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8.05.2015

Forming Habits

forming good habits is not easy.  eating better, exercising more, remembering to wash my makeup off before passing out on saturday nights.  it's hard.  of course, bad habits are easy.  watch more tv?  eat more nachos?  don't track spending?  you got it!

i started reading gretchen rubin's newest book, better than before.  have you read it yet?  she's the same author of the happiness project and happier at home.  i generally like her books and her writing.  she can be pretty self aggrandizing with her constant mentions of all the reading and research she does (we get it, you're really smart and hardworking and research the crap out of your books.  move on.), but i ignore those parts.  anyway, the newest book is all about forming good habits - how to do it, when to start, why it's hard for people, etc etc.

the part i liked the best comes right in the beginning.  she described everyone as falling into one of four categories.  four tendencies, she calls them.  according to her research, people all respond to expectations in one of these four ways; expectations being both things others expect you to do like homework or stopping at a stop light, and things you expect of yourself, like eating salad for lunch or getting to bed on time.  she named the four:

upholder - you do everything.  things you expect of yourself, things others expect.  you like checking things off the list and you're going to finish the to do list no matter what.

questioner - you'll do it, but you have to have a reason.  you don't follow arbitrary rules without asking why they exist.  sometimes you can't make a decision because you feel like there's always more information out there.

obliger - you're only going to do something if you're accountable to someone else.  you don't like letting people down, so if you rsvp to something, you're going.  if your friend wants to go running, you show up, but you wouldn't go running on your own.

rebel - you do what you want, when you want.  the more someone tells you to do something, the more you resist.  habits make you feel fenced in.

"An upholder stops at a stop sign at 3:00 a.m. in a small deserted town; so does an obliger. A questioner decides whether it’s safe to stop. A rebel rolls through the stop sign at 3:00 p.m. in traffic.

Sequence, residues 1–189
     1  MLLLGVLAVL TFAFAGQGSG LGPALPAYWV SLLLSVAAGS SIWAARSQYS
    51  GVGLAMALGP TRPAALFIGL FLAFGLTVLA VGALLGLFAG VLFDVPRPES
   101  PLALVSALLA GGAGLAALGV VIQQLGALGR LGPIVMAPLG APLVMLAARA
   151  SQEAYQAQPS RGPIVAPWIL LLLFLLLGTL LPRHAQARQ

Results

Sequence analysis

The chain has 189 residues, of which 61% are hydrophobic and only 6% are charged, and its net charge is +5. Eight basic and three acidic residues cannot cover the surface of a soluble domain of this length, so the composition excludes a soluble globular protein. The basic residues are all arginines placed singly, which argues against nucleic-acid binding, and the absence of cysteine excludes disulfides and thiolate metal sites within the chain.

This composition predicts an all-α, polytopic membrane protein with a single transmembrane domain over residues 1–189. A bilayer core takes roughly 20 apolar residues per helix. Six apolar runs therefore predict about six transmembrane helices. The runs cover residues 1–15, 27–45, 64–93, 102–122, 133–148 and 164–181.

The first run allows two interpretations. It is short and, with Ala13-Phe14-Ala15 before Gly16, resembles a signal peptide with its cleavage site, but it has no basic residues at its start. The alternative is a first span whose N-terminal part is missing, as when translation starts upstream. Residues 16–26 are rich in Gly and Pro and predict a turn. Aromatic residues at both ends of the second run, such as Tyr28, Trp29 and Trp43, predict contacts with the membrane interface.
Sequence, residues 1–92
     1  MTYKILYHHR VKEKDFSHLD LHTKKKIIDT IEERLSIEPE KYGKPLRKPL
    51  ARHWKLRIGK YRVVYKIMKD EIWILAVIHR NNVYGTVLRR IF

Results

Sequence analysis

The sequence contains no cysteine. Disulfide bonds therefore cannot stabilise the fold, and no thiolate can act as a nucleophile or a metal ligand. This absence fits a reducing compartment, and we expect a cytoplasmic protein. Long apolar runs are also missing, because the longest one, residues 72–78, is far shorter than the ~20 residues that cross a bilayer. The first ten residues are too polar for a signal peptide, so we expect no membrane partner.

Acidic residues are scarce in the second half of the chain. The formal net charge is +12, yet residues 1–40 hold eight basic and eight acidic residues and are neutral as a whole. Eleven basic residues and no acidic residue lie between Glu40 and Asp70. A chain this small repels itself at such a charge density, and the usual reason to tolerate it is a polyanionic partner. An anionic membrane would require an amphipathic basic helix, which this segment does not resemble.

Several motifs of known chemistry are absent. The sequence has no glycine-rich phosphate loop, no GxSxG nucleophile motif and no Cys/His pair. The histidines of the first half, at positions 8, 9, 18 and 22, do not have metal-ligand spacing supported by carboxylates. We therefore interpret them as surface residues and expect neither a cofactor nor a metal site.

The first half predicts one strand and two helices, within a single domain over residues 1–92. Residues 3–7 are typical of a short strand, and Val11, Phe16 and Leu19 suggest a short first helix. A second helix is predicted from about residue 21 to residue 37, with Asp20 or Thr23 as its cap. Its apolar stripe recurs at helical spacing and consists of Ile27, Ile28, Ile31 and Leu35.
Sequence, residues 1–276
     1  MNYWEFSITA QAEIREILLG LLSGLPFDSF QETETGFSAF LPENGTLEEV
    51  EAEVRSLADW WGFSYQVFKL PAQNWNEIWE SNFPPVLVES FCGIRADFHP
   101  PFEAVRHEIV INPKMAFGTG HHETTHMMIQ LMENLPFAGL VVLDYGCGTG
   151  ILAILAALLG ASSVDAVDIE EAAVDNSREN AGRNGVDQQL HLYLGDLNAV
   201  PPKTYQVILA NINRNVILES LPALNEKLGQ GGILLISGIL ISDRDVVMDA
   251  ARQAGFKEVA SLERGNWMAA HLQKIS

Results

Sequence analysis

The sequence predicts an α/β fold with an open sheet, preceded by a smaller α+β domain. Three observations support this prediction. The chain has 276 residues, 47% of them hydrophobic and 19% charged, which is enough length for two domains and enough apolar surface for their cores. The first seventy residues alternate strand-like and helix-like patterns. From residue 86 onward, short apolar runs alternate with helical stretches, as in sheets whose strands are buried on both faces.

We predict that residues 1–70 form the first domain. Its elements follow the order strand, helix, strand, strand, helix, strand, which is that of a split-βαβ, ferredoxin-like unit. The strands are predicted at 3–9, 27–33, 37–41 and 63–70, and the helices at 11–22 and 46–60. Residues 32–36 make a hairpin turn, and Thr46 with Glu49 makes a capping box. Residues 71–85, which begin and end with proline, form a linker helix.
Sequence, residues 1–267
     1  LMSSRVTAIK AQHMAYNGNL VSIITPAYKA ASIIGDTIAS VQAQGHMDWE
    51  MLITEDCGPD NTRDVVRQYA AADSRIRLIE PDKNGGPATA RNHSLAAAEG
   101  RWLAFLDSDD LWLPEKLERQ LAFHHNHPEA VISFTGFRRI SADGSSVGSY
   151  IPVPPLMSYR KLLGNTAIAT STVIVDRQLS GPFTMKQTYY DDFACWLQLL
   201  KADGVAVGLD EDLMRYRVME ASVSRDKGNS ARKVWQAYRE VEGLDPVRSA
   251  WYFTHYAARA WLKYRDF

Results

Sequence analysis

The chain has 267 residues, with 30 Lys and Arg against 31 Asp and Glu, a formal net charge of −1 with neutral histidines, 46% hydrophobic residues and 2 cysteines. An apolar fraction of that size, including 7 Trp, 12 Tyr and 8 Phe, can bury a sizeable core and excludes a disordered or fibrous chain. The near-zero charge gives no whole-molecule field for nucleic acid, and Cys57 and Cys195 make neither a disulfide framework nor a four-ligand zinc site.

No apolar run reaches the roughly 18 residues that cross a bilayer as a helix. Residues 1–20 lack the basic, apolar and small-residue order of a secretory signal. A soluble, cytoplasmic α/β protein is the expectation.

An upholder can train with a trainer or exercise on her own; a questioner can do either if he thinks it makes sense; a rebel will do neither, because the fact that she has an appointment or an item on her to-do list makes her want to disobey; an obliger can meet a trainer, but can’t get to the gym on his own."

very few people fall into categories 1 or 4.  i fit, when it comes to habits and goals and expectations, pretty well into the obliger category.  it's why i post my goals online and why i only eat healthy if my friend megan is doing it with me and why i only walk so much because hawkeye needs to get outside.  i wouldn't do anything if someone wasn't counting on me to do it.  i do still need to have a good reason (questioner) but mostly, i'll do it if someone else wants me to.  it's why i have a hard time with self-imposed goals that no one else is tracking.  even when they're ones i really want to do.

i think it's a good thing to know about yourself, which tendency you are.  if you struggle as much as i do to form good habits, it's helpful to know which way to approach them to have the most success.

you can take the quiz here to find out which one you are, if you can't decide.  my answers were surprisingly more all over the board than i thought they would be, but in the end the answer was still obliger.  i accept it.  i'm going to work with it.  even if it means demanding that my loved ones keep tabs on me.

which one are you?

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